Trying to build an inventory of work can be challenging when I have to take the entire process into account. Time is spent photographing the images and then getting those images ready for the web. All those years of color correcting photos in the digital printing world has helped me out in this regard but it is still time consuming to go through and edit and cull out about 5 images per item. Etsy allows me to upload 5 images of the items and I usually try and shoot more than that with several views. The thing about uploading a photo to the web is that not everyone’s monitors are calibrated to mine so they may order an item and it doesn’t really look like the photo when it arrives at their house. When I worked in printing and we would hear the customer say, “but it doesn’t look like that on MY monitor”, we always wanted to say that we would just ship their readers a monitor instead of the printed piece. Things almost always look better on a monitor before it is printed. However, with pottery, I think that the real thing tends to look better than the photo uploaded to the web. The background that I have been using is a vignetted gray blend so I usually try to get that gray to look like gray and by doing that the rest of the colors should fall into place. It is easier said than done sometimes though, but it at least gives a balanced base.

If you are interested in reading a post on how to photograph work, I can certainly do that in the future.

Now you can see the finished product from the how to post on putting the decoration on the cups.  I will be adding all these items to Etsy very soon but I thought I’d do a preview here first. Look for these items to go onto Etsy tonight or tomorrow and if you are interested in them you can find them here.


New Cups and Bowls…

Orange and Teal

Belle has chosen orange and teal for her wedding colors are  and I absolutely love them. I mean, orange is just so happy (laughing orange) and the teal is a cool color. So, I am putting them into the party that we are doing for them on September the 24th wherever I can. Rather than try to find accessories to fit that color scheme, I thought it would be fun to make the parts to the party myself. I have purchased some things in those colors and in the coming weeks I will share some of those items with you but for today I am going to share the beautiful tablecloths that I am making to put on the banquet tables in the yard. With Herb’s help we are trying a “how to video” posting today, so please bear with us.

Hand painted Tablecloth in process

tablecloth supplies

 for this project, you will need:

  • a flat sheet or large piece of fabric. I used flat sheets that I found at a discount store. Although it seems they are harder to find these days due to sheets packaged as sets.
  • the fabric dye. I used just plain old RIT and “somewhat” followed the directions on the back
  • rubber stamps of your choice, I used the soft spongy kind but you could use a potato or a linoleum block. You just need something that will make a design with
  • paints. I used an assortment, a latex house type paint, a wall glaze and an acrylic.
  • a brayer is nice to have but isn’t absolutely necessary and a piece of glass to use the brayer on as a palette
  • a detailing paintbrush
  • an ink pen
This first video will give you an idea or how to get the orange dye onto the fabric so that the color vignettes from color to white.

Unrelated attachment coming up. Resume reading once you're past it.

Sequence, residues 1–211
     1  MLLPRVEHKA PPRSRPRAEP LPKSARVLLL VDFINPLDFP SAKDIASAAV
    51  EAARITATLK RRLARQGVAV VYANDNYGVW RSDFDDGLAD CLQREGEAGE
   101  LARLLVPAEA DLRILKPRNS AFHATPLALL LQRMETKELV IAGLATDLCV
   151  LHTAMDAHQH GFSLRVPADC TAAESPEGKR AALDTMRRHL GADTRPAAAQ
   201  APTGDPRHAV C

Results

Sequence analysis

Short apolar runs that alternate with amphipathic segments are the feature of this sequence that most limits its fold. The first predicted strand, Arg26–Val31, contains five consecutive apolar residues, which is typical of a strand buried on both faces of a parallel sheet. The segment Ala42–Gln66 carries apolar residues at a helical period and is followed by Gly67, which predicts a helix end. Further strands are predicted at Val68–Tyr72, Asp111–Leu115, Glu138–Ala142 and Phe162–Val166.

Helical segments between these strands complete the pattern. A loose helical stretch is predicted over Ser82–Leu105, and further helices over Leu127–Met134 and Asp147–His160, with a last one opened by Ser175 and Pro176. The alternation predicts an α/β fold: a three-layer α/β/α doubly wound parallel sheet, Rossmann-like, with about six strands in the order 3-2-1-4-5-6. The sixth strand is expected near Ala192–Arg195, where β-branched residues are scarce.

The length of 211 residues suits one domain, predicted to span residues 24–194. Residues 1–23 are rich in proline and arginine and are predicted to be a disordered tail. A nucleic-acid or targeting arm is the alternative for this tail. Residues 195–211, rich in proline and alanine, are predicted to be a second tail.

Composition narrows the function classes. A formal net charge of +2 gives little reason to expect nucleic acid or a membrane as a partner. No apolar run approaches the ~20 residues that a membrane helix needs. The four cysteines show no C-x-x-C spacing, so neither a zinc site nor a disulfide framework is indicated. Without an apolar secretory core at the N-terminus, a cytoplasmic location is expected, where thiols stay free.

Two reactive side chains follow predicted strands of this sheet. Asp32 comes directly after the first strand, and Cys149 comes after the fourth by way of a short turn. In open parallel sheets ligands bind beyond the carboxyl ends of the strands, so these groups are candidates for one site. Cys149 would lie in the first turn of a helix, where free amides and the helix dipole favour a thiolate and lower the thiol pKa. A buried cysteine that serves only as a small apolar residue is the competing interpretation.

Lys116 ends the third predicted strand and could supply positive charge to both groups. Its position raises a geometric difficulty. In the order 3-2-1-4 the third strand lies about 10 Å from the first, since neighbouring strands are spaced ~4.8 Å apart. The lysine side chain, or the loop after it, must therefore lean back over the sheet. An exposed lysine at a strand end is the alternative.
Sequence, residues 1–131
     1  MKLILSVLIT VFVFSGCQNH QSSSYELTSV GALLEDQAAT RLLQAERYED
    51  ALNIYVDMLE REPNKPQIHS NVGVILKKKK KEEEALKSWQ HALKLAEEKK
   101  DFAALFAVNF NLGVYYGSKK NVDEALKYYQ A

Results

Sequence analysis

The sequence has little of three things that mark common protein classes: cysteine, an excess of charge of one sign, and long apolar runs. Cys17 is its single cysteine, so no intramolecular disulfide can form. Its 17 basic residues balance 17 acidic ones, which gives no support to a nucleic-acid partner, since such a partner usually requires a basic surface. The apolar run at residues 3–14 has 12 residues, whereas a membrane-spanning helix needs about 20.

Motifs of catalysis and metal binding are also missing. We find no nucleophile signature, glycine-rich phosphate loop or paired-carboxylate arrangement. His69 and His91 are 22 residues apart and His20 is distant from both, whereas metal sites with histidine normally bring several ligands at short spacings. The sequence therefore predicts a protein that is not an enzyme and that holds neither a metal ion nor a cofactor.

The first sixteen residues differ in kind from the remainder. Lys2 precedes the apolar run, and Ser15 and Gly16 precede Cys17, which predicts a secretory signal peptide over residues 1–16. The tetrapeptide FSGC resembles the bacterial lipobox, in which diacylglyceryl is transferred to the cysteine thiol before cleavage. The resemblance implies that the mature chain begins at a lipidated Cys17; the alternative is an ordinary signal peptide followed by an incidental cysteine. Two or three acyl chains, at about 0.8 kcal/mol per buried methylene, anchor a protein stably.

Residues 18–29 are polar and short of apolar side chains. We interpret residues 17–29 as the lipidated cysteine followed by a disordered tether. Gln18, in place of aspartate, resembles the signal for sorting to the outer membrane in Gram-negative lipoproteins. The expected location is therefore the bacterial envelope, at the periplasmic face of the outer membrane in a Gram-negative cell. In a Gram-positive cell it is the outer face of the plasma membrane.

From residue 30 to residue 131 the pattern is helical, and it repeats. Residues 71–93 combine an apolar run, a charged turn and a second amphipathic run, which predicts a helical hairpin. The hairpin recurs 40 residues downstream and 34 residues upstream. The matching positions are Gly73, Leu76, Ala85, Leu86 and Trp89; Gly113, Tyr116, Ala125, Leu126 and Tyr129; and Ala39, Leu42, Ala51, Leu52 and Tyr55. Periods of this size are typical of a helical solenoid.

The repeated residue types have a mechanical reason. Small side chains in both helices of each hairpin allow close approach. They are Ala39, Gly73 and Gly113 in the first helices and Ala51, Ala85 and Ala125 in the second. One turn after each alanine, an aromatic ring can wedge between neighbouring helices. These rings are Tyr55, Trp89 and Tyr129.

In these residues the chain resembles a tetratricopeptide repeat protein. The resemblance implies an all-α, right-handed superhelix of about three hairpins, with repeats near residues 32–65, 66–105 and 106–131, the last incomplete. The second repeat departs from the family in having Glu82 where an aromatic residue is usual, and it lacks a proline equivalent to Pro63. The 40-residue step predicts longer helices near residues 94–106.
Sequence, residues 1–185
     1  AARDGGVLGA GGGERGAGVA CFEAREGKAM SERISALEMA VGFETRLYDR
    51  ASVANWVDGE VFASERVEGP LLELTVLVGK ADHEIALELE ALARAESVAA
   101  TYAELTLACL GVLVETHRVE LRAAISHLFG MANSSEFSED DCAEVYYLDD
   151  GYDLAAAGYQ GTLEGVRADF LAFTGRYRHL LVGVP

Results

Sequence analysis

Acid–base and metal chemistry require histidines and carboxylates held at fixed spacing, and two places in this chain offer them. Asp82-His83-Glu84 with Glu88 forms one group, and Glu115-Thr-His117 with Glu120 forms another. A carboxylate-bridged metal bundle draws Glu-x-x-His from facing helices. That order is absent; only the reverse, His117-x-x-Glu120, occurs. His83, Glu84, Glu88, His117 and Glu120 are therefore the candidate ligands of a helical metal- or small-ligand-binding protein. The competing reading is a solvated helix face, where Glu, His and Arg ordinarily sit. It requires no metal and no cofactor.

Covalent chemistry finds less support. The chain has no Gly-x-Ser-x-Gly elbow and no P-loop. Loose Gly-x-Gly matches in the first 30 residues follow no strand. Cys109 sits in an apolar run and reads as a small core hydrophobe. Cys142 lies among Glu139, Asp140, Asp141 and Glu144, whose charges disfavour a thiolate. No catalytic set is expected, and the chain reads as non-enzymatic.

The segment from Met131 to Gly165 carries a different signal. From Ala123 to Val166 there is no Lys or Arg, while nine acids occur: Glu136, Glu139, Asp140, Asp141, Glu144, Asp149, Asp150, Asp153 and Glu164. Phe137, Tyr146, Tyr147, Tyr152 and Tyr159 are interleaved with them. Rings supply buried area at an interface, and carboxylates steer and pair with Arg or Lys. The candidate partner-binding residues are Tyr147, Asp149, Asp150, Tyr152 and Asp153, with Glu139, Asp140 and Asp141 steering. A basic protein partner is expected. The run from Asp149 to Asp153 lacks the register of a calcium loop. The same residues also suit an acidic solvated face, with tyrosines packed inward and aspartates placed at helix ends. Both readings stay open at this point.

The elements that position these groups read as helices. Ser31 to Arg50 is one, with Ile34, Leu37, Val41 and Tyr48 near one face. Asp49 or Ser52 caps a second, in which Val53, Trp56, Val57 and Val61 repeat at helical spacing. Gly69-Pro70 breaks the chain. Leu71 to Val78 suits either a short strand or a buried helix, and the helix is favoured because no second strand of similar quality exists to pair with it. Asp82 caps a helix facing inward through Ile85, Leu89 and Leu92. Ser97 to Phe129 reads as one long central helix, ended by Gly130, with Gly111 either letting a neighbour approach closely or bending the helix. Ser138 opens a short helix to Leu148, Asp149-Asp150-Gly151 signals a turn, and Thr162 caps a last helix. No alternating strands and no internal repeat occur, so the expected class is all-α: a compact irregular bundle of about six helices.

And in this next video, I will demonstrate how to stamp the patterns onto the fabric using a printmaking brayer and paint.
And finally, I demonstrate how to add the details to the stamped design so that it looks more handmade and give the design more character rather than a boring stamp. A little glitter and shine make it look elegant and special.

Now Appearing….seedlings!

I have baby seedlings in my seed flats in the makeshift greenhouse. I wanted to share the little guys with you.

Since I built the greenhouse, we have had windy days with 50 MPH winds and aside from having to push the staples back into the ground and run a strip of duct tape in a few places, it has survived. I know, I’m amazed too.

Then we had a downpour and the mud to get to it was pretty bad so I moved some of the stepping stones from my garden areas to give me some safe places to step.

stepping stones

The seeds that are making their debut are tomatoes, basil, cucumbers, alyssum, calendula, green tassel amaranth, foxgloves, primrose, cleome & zinnias. I have some seeds that need to be direct seeding into the garden because they don’t transplant well. And it won’t be long before I can put the peas out so that we can have a few fresh peas in the spring.

We have had several really pretty days that have allowed me to work on my flower beds to get them ready for the new plants. And a couple of days the temperatures inside the greenhouse have been well over 100 degrees so I have to be careful that I allow some air flow into it to keep it from cooking my new little seedlings. So far, they are loving the heat and show no signs of wilting, but I am keeping a watchful eye on them.

I have purchased some larger compostable pots to transplant the seedlings into once they reach the stage where they need a bigger space. I have tried to avoid plastic pots. While they are recyclable, I would prefer using something that I can just plant into the ground to avoid the plant having the shock of transplanting.


So far everyone is happy and hoping that the wind doesn’t return. We just started March though and it is the windy month so we’ll see how the little plastic covered house holds up.

Matchbox Mouse

Molly Mouse in her dress

From one of the many catalogs that have come to our house this holiday season, Garnet Hill had this item in it and when I went to order it for one of my favorite little 4 year olds, they were sold out. Then I googled and found that every site that had them were also sold out. I can see why considering that they are so cute. So given my famous thought, “I could make that!”, I decided to do just that. While I didn’t document the whole process, I thought I would share how I went about putting mine together. My apologies to the original artist, but, if there had been more out there I would have purchased yours….and not spent two days in my sewing room. (which now looks like a bomb went off in there)

  1. I took the dimensions from the item at the website and went through my house looking for appropriate cardboard to make the box out of. I located some that had been a cover for a book of fabric swatches that an interior designer gave me several years ago. The cardboard is about 1/8 thick and is really sturdy and dense. Plus, it had this great pattern already on it so when I cut out the pieces to the box I made sure I positioned the pattern onto some of the sides.
  2. After cutting the sleeve part of the box, I glued it together and set it aside to dry while I worked on the bed part of the box. This box has to fit inside the sleeve so you have to account for the thickness of the cardboard in addition to making the measurements just right. Then you glue the bed part of the box together.